Sunday, June 6, 2010
An Evolution In Psycho-Social Growth? A Letter From My Father
Australopithecus Sediba, this recent hominid discovery in South Africa has the world's scientists excited. But, asks my father, has our emotional evolution kept apace with our physical evolution?
For my regular readers, I extend an apology for missing out on the last month. I have been very busy with World Cup of Soccer work, renovations, paperwork and all the daily-life stuff that becomes such a time suck. Fortunately my time is my own again.
This last week I have been talking a lot with my father, John W. Barbee, a giant (literally and figuratively) of the sustainable development movement around the world. He has worked tirelessly in Tadjikistan, Iraq, Afghanistan, Malawi and many other places assisting local people to lift themselves out of desperate situations. His take is one of vast experience and empathy with the people he works with. He is my real-life hero and a man of action.
Letter from My Father,
Glenwood Springs, Colorado
June 2, 2010
Right now (beginning the second decade of the 21st centruy) we are in the midst of an evolutionary revolution, being clobbered with disasters (nearly all man-made, or man-induced) and opportunities. And the magnitude of the latter seems definitely related to the magnitude and frequency of the former.
Many of the issues relating to our ability to respond to the opportunities is that for the last 10 years or more we have been using "the hammer" in response to problems, and this has led us to preceive the shape of the nail in every problem.
We seem, at the same time, to be gaining knowledge of our development as a species AND lacking understanding and insight of what that means, as well as its usefulness in informing our adaptation. What a paradox.
I got ahold of a fairly new book that is good food for thought....and adaptive action. "The Nature of Technology." It's written by a guy with a "understanding complex systems" perspective. He describes the process and progress of "technologies" and the interaction & complementarity of science & technology. What captured my thinking most from this book is that the "human systems" of thought, activity and their psycho-social effects seem to be the most elusive in developing and replicating adaptive & effective technology and science.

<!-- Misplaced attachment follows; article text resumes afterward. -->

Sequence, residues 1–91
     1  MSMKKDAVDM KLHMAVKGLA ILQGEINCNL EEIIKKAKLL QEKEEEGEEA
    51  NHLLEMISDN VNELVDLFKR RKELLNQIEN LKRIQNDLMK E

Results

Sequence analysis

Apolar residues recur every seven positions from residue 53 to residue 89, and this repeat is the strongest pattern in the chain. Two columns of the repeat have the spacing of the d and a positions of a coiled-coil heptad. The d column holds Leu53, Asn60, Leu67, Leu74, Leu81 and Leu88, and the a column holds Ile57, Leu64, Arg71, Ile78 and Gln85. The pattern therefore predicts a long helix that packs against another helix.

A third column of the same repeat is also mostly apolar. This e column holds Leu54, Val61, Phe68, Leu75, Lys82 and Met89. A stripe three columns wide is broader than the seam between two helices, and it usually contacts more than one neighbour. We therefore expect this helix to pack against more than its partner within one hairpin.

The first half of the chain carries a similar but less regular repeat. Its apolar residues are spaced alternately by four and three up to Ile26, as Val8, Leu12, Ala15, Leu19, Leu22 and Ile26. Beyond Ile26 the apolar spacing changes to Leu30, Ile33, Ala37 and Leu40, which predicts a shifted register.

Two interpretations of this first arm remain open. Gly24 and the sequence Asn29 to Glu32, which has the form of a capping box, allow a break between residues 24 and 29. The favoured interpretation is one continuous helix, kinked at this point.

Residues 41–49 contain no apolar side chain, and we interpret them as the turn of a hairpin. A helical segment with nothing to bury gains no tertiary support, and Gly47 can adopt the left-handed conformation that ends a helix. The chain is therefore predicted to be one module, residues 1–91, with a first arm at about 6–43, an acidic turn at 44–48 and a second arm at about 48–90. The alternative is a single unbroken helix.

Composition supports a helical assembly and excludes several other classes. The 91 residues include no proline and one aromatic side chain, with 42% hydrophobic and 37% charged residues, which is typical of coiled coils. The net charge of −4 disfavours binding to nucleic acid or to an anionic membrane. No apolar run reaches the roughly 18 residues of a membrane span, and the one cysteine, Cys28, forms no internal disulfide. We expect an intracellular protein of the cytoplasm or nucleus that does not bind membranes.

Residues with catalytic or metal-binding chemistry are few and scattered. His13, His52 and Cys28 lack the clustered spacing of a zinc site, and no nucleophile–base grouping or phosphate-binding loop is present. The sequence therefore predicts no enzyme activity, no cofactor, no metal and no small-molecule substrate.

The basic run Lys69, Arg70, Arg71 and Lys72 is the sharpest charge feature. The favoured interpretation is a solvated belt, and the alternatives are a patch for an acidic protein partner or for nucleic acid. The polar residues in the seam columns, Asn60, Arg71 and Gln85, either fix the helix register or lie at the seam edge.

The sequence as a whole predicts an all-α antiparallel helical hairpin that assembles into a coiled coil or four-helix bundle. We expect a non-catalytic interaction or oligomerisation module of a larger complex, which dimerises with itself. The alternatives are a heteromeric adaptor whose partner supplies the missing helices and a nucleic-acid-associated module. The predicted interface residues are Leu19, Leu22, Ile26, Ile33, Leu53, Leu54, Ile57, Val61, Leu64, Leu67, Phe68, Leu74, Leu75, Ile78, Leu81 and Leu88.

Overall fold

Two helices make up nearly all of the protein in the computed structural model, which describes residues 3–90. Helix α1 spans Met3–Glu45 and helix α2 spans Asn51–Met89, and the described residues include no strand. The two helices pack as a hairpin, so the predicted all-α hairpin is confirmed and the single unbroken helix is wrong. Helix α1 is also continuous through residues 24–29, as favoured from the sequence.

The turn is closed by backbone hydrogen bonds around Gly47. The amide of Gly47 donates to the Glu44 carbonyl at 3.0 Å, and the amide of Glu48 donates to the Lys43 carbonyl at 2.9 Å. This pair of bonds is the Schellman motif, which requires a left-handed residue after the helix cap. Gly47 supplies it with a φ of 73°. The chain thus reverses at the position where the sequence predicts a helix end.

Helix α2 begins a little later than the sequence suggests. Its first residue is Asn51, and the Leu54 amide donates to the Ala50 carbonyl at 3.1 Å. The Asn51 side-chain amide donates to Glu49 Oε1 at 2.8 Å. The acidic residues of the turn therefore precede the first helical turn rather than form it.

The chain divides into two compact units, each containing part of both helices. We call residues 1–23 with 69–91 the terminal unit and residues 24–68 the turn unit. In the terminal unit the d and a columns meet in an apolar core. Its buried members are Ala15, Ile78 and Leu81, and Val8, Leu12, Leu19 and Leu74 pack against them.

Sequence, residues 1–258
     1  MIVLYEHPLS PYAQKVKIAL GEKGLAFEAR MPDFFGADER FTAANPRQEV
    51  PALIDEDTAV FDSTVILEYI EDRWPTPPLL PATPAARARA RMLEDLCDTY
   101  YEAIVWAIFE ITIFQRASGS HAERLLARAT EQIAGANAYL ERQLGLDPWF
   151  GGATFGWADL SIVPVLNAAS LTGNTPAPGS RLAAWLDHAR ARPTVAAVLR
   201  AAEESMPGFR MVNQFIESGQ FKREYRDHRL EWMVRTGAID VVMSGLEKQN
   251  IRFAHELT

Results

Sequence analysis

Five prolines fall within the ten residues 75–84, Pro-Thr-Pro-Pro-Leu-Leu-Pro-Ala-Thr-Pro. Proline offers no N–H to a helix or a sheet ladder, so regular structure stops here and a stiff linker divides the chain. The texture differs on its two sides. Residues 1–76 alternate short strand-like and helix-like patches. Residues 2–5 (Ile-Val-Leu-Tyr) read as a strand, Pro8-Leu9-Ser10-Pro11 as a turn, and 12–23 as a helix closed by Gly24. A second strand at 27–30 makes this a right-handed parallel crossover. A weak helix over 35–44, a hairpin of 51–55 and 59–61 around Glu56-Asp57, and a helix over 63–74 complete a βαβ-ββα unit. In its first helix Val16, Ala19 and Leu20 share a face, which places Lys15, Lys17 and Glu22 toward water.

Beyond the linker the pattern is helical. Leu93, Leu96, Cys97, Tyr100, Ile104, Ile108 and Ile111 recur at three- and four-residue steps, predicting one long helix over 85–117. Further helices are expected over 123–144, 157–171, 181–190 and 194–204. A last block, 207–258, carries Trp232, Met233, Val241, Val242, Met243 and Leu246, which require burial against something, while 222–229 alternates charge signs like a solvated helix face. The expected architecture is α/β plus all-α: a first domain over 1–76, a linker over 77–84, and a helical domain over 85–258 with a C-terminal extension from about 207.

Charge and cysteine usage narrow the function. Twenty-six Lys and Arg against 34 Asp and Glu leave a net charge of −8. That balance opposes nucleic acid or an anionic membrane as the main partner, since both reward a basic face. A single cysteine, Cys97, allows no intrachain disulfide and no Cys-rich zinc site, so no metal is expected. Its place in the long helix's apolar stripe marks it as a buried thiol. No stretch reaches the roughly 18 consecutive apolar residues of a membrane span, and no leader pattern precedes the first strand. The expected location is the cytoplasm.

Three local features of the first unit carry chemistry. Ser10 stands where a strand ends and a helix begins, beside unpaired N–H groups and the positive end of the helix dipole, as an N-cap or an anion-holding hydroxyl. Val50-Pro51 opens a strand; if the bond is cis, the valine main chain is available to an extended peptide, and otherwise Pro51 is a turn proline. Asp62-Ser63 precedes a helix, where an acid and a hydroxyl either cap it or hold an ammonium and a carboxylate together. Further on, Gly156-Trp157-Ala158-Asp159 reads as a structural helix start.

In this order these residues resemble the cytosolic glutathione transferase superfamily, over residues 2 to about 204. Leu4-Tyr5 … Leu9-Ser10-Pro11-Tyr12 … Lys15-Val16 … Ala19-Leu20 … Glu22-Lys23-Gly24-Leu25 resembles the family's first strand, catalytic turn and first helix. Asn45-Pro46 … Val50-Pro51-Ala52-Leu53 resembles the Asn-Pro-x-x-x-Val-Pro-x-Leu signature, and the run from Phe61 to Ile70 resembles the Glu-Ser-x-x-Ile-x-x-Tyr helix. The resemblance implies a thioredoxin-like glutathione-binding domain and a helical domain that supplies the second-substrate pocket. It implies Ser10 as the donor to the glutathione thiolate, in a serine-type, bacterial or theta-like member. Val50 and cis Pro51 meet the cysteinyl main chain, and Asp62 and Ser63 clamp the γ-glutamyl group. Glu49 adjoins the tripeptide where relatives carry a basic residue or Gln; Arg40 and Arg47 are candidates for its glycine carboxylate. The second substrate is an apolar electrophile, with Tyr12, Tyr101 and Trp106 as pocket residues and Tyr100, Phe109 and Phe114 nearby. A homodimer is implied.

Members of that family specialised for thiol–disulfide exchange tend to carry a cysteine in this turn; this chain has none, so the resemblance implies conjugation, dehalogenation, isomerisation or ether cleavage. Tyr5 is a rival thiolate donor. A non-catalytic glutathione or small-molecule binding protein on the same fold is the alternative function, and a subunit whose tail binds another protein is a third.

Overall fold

I believe the answer is that we still have not acquired the insight of ourselves as a species integrated into our global existence. We have achieved incredible development in technologies & science of electronics, micro & macro aspects of physics & chemistry, bio/genetics, etc. but only a little of the technology and science of psycho-=social development, even though much of the necessary ingredients are available. The result is that we confuse "approach" with "solution" and disregard process by over-focusing on short-term product.
The "building blocks" are there, but we have neither recognized them as such, acknowleged their essential nature in the psycho-social & civil society nor recognized them as technology/science (and therefore integrated with all the others).
Just as gravity (and its lack) are forces fundamental to the universe and our existence, so is trust (and its lack) a necessary and very basic feature to us and our existence in the universe. And trust is based on our ability to understand, communicate and engage amoung ourselves & other life forms and the universe at large. Building this -- a "civil" society of our species and those that have evolved with us -- within the universe is the primary imperative of the 21st century, and for our success as a species.